Here are some of the pros the bar association identified:
The constitution could be streamlined and modernized. It is desperately in need of revisions.
The convention could fix basic structural problems with state government, such as the multiple levels of trial courts that are the most in the nation.
The constitution does not include some rights that have recently been recognized by the U.S. Supreme Court, such as right to marriage of same-sex couples. A convention could also address early voting and same-day voting registration procedures.
The convention may be the only way to fix many of these problems. The Legislature can propose amendments to the constitution, but it has no record of doing so in recent years.
Here are the cons identified by the bar association:
The convention could open up just about any possibility, including revoking the right to a state pension for public employees and the “forever wild” provisions of the Adirondacks. Nobody has been lobbying for these provisions, but technically, it is possible.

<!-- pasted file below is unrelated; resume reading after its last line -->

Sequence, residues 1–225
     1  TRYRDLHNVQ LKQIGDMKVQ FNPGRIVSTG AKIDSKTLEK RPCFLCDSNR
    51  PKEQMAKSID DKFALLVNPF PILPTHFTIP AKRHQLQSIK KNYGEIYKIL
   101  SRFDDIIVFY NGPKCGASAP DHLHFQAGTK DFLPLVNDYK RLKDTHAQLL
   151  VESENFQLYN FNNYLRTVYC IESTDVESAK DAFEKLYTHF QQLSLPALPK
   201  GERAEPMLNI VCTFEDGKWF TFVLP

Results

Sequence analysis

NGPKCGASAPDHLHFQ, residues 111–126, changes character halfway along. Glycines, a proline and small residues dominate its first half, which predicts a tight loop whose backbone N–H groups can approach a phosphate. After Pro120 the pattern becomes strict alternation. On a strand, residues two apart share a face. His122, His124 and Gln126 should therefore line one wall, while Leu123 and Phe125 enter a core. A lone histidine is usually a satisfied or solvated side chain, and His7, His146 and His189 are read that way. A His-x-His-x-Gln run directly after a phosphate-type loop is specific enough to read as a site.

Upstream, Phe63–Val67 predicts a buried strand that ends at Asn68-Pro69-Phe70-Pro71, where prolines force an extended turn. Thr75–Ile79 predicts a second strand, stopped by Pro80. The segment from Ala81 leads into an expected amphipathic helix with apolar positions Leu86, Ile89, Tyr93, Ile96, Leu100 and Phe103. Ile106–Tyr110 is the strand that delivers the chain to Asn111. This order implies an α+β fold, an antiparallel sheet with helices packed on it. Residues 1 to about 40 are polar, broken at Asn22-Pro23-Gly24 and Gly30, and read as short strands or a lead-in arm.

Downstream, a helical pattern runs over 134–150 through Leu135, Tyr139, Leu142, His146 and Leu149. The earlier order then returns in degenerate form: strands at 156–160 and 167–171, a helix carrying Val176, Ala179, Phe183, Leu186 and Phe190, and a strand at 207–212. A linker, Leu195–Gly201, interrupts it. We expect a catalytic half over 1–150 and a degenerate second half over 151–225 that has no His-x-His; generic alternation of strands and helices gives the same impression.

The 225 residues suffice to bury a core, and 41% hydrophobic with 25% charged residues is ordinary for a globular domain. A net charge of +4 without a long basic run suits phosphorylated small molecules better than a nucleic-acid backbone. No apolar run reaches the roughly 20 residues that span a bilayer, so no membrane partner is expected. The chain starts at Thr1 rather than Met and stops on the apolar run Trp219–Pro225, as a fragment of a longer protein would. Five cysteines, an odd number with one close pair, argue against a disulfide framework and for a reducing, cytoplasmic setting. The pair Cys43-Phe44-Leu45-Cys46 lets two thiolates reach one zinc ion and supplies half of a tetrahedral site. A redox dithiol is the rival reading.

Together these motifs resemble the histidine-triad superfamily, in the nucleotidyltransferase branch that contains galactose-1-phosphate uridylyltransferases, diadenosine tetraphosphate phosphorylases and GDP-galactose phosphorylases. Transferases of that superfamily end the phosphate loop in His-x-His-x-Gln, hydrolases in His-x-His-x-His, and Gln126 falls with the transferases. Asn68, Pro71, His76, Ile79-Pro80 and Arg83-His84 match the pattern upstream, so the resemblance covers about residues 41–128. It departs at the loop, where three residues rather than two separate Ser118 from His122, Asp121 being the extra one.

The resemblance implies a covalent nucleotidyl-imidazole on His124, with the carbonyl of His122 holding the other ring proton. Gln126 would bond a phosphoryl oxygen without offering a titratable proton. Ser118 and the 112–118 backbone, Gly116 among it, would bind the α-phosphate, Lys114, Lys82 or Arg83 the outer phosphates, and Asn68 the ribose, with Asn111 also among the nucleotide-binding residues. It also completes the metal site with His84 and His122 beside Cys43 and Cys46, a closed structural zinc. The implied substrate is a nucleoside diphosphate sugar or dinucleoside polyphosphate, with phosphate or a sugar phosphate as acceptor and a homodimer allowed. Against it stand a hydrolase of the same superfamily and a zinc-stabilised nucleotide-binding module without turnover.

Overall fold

The convention could add harmful new provisions to the constitution that would be controversial and divisive. The constitution could be amended to add limits on state debt or recalibrate the balance of power between the governor and the Legislature in the state budget process.
The convention would be faced with the same hurdles that undermine the legislative process — politics and special interests.
Any legislators or judges serving as delegates would receive double salaries that would run up the cost of a convention.
The convention is unnecessary because the legislative process has been used over 200 times in the past 100 years to propose amendments.
The cost could be very large. The 1967 Constitutional Convention cost taxpayers as much as $15 million. A 2019 Convention would be many times that figure.
When our board deliberated, it was divided into optimists and pessimists.
The optimists felt this was the only way to fix significant problems in ethics reform and the pay-to-play culture that persists in Albany. They preferred to think of what was “possible” over what was “probable.”